Help I Inherited a House!
There are many reasons people need a home appraisal other than for a loan. One reason is for an estate. As in the TV show "Bless this Mess" where a couple inherit a dilapidated old farmhouse.
When someone inherits a house there is usually no tax owed from the date of the deceased. But from that time forward, after the date of the deceased, if the house increases in value, taxes are usually owed. Tax professionals call this the homes "basis." I have been called to appraise houses after many years have passed since the date of the deceased to establish that "basis." Sometimes I have to go back over 20 years to establish the basis for a house.
If the house has since been sold a drive-by appraisal is usually done.
So how do I appraise a house after 5 years have passed? First, I find out what the house was like 5 years ago. I might find that from an old MLS picture but usually the owners describe it.
I find out:
"Have there been any room additions?"
"What kind of condition was it in back then?"
"Have there been any significant improvements since those 5 years?"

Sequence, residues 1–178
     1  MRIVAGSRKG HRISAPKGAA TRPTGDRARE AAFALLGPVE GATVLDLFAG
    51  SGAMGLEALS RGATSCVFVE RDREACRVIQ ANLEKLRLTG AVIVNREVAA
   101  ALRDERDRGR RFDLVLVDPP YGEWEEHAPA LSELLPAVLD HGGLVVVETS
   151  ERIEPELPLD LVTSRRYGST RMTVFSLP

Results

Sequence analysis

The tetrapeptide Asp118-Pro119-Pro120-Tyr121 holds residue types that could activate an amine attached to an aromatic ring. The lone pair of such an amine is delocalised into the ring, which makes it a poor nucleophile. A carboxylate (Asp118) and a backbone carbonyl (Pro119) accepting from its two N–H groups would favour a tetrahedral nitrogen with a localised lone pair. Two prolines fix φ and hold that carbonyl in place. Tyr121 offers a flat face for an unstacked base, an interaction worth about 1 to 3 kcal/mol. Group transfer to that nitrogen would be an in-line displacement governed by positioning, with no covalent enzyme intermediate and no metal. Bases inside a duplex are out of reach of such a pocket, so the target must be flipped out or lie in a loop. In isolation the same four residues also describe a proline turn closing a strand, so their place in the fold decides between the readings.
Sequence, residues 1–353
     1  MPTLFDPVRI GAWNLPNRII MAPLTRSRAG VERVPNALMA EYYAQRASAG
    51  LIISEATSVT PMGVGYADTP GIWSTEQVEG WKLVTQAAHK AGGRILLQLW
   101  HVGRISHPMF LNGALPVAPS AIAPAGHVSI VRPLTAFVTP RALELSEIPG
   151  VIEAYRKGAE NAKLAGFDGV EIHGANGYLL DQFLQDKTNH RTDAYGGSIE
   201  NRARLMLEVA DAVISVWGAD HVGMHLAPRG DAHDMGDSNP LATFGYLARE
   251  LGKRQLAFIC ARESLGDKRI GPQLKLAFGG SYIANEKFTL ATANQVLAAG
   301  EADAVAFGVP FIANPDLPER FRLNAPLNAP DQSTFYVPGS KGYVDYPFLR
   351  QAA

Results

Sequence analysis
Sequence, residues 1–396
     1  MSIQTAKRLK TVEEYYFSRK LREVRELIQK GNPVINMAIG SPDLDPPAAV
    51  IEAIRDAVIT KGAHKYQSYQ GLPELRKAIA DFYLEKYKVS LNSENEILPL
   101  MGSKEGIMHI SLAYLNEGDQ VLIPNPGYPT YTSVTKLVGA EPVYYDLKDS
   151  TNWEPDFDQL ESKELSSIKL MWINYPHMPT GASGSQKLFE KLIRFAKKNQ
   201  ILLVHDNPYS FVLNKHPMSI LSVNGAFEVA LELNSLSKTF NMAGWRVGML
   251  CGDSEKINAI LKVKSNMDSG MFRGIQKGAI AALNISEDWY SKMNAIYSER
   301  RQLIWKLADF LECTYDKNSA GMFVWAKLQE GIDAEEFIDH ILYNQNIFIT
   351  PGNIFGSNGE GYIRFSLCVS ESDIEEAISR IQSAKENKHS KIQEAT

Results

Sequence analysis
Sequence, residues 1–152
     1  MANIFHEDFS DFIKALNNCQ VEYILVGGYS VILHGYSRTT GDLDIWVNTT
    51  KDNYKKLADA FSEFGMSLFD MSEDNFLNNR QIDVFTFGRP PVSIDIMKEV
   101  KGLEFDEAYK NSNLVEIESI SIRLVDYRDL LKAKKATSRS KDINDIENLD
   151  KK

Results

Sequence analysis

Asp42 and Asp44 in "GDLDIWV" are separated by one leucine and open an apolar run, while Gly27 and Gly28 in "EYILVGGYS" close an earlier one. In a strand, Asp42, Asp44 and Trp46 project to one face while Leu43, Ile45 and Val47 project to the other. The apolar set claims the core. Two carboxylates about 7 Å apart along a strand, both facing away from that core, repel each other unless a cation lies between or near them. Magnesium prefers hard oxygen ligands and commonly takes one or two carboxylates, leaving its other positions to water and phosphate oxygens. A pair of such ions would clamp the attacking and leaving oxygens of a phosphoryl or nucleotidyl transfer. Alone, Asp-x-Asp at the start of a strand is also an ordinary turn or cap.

Then the house, as it was described, is compared to the most similar sales like that description and sold 5 years ago. The real estate MLS service often has interior pictures of the sales which can be compared to the subject’s description.
At that point I compare the “5 year ago sales” to the subject and complete the report. To not confuse a reader of that report, I use a thing called the “Extraordinary Assumption. This Extraordinary Assumption tells the reader: "There was information given to me I must assume was accurate."
I also add, "If the terms of these extraordinary assumptions are not met it could have an effect on the value conclusions." In other words, if the information given me about the house was wrong, the value conclusion might also be wrong.
I then reconcile the data from 5 years ago and explain how I determined the value for the subject.
Also, throughout the report it should state the analysis is “As Of” a particular date.
There are many other considerations like were values increasing or decreasing in that area at that time? But these are my basic procedures for an estate appraisal.
I do estate appraisals for CPAs, Financial Planners, Attorneys, Accountants, Homeowners, and the IRS.